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Linguine with Cauliflower and Brown Butter

Go nutty with brown butter in this just slightly sweet pasta dish.

  • prep: 40 mins
    total time: 40 mins
  • servings: 4

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Ingredients

  • 3/4 cup packaged croutons or 3 slices stale bread
  • 6 1/2 tablespoons butter
  • 1 medium cauliflower (2 1/2 pounds), cut into florets
  • Coarse salt and ground pepper
  • 1 pound linguine
  • 10 fresh sage leaves or 1/2 teaspoon dried sage
  • 1 shallot, minced
  • 3/4 cup chopped fresh parsley
  • 1/2 cup freshly grated Parmesan, plus more for serving

Variations

To make this recipe as prepared on "The Martha Stewart Show," use 1/3 cup plain dried (coarse) breadcrumbs -- homemade or store-bought -- instead of the croutons or stale bread, and skip Step 1 of the instructions. Also, use 6 tablespoons of butter instead of 6 1/2.

Cook's Note

To test pasta for doneness, toss a strand against a vertical stainless-steel surface (such as a refrigerator or backsplash). If it sticks, it's done.

Directions

  1. Step 1

    Place croutons in a plastic bag, and crush to coarse crumbs with a rolling pin. (If using bread, grind in a food processor, and toast in a dry skillet until golden, 2 to 3 minutes, shaking skillet frequently to toast evenly.)

  2. Step 2

    In a large skillet, melt 1 1/2 tablespoons butter over medium-low heat. Add cauliflower florets and 1/4 teaspoon salt; saute, 15 minutes. Add 1/4 cup water; cook until cauliflower is tender when pierced with a sharp knife, about 3 to 4 minutes.

  3. Step 3

    In a large pot of boiling salted water, cook linguine until al dente, about 10 minutes. Drain pasta, reserving 1/2 cup pasta water.

  4. Step 4

    In pasta pot, melt remaining 5 tablespoons butter over medium heat. Stir in sage and shallot; cook until butter is golden brown, 3 minutes. Add pasta, cauliflower, parsley, and Parmesan; season with salt and pepper. Toss to combine. Add reserved cooking water if pasta seems dry. To serve, sprinkle with breadcrumbs and more Parmesan.

Source
The Martha Stewart Show, February 2010

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Reviews (12)

  • J3ANA 11 Jan, 2012

    An easy, simple dish. Not the most elegant of flavors, but still somewhat satisfying. I added chicken to this dish; additionally, I didn't have shallots on hand so I added fresh chopped onion and some garlic powder to compensate.

  • hypolita 1 Apr, 2010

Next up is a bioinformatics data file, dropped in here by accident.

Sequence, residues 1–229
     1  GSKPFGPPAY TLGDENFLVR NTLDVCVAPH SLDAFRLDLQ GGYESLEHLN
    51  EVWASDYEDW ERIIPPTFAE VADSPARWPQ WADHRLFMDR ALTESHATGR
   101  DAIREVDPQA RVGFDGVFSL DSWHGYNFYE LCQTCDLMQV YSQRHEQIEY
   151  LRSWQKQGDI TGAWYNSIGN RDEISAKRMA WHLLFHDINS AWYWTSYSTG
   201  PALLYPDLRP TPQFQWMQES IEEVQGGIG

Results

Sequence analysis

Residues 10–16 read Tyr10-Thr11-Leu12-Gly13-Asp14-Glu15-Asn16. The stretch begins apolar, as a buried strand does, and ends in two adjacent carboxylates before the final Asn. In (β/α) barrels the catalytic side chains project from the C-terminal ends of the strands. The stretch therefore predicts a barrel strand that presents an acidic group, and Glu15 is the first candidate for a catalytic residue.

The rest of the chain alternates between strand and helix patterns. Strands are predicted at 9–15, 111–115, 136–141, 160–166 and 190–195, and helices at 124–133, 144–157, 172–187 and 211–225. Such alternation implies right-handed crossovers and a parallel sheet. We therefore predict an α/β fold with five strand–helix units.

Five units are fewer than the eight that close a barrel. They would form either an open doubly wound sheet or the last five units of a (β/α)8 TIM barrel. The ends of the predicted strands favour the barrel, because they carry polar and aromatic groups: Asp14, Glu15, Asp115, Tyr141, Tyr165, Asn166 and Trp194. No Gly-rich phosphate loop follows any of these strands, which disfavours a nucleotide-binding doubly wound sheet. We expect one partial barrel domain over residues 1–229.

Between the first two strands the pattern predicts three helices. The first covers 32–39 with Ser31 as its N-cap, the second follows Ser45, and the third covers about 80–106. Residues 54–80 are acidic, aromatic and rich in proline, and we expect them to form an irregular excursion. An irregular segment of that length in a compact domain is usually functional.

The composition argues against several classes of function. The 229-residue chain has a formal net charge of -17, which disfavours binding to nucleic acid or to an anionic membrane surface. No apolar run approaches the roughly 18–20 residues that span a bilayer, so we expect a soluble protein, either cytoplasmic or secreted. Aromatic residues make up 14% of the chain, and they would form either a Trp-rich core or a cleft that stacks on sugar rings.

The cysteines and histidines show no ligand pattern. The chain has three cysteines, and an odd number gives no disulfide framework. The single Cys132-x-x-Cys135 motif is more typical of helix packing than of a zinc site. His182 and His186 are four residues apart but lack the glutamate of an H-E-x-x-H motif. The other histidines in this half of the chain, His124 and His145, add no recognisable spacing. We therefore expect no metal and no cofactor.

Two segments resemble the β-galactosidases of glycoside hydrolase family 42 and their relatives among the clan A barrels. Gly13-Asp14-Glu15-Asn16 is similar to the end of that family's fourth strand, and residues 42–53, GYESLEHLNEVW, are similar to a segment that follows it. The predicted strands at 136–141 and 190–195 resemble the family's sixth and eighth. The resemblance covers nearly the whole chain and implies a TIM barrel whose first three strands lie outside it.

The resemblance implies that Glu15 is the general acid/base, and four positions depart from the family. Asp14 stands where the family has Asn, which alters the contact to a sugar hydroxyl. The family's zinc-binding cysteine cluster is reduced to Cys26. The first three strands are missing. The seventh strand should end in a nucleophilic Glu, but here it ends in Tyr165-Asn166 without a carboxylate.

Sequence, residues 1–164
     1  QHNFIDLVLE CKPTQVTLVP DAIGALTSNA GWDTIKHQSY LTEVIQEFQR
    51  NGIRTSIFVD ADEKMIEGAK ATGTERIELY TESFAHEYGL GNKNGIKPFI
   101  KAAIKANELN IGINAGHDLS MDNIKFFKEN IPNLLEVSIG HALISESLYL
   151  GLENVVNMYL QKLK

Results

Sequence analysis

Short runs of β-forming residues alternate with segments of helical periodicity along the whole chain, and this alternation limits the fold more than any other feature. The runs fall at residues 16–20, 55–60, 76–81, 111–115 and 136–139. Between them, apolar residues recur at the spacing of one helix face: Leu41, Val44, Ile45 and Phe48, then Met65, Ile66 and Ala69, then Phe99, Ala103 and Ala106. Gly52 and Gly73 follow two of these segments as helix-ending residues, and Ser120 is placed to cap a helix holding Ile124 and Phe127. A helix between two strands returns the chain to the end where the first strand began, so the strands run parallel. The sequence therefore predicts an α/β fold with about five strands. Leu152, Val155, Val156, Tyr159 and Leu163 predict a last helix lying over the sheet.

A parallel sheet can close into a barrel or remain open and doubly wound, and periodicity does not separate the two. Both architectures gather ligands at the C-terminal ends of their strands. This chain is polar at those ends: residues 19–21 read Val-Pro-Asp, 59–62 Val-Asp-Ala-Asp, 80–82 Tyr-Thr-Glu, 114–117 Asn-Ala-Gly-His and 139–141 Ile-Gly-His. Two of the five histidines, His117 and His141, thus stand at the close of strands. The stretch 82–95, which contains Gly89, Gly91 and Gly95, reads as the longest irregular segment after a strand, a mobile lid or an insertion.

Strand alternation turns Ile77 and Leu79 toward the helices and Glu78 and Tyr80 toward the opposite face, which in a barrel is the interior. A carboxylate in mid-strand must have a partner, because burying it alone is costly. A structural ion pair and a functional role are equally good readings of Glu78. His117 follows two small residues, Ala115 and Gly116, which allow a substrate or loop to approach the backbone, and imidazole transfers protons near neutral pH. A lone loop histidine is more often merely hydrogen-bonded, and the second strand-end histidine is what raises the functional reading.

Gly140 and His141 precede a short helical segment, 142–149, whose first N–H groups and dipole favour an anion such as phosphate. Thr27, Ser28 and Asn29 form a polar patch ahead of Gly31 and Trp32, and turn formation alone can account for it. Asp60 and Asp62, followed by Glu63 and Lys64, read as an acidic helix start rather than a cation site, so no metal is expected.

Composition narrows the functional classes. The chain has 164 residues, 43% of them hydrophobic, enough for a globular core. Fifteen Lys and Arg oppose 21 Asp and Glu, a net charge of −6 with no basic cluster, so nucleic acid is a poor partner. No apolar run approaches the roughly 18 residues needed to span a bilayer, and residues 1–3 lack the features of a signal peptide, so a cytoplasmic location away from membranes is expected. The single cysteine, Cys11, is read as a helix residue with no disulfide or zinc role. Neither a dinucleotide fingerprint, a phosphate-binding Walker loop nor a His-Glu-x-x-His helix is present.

Delicious! I added minced garlic with the shallot and College Inn Culinary Broth (chicken broth and white wine) instead of the pasta water. It was dry without any additional liquid but water would dilute the taste, I thought. Also added shaved parmesan when I re-heated it in the oven. Even better the second time.

  • hypolita 1 Apr, 2010

    Delicious! I added minced garlic with the shallot and College Inn Culinary Broth (chicken broth and white wine) instead of the pasta water. It was dry without any additional liquid but water would dilute the taste, I thought. Also added shaved parmesan when I re-heated it in the oven. Even better the second time.

  • CuisineKathleen 29 Mar, 2010

    Not a fan of sage...I am sure it would be fine with oregano and fresh parsley.

  • supasa14399 24 Feb, 2010

    Arent shallots similar to onion, I have onion on hand and really want to try this recipe. We are currently getting a huge amount of snow and driving in it isnt an option for me!

  • agibb 24 Feb, 2010

    inmykitchen - use any other herb that YOU like. Thyme would also be nice in here, so would a strong herb like basil. There's so much parsley in this recipe you could easily just leave out the sage, it's just another flavor profile. Maybe a little crushed red pepper would be good too.

  • inmykitchen 24 Feb, 2010

    I hate sage--what can I use instead or can I just omit it?

  • MarnaMarie 23 Feb, 2010

    On todays show you brought attention to the nutrition facts with recipes. Is there a way you could include sodium content in the nutrition numbers? This above recipe is awesome.

  • dovecanyon 8 Jul, 2008

    To jody0505: I used oregano instead of sage. It was very good.
    My Italian grandmother used to make a dish she called "baked spaghetti" that was similar to this. Tossed everything together except the parmesan, using olive oil instead of butter, no sage or shallot, but some minced garlic added. Topped with bread crumbs and the parmesan, tented loosly with foil. Bake. Delicious.

  • katefleitz 16 Apr, 2008

    I'm so happy to see this recipe featured! It's one of my family's favorites. Don't skip the parsley or the sage. It's delicious!

  • MINDYASLAKSON 15 Apr, 2008

    Fresh parsley might brighten it up as a replacement to sage.

  • jody0505 15 Apr, 2008

    looks delicious, but we're not sage fans. any other herb suggestions?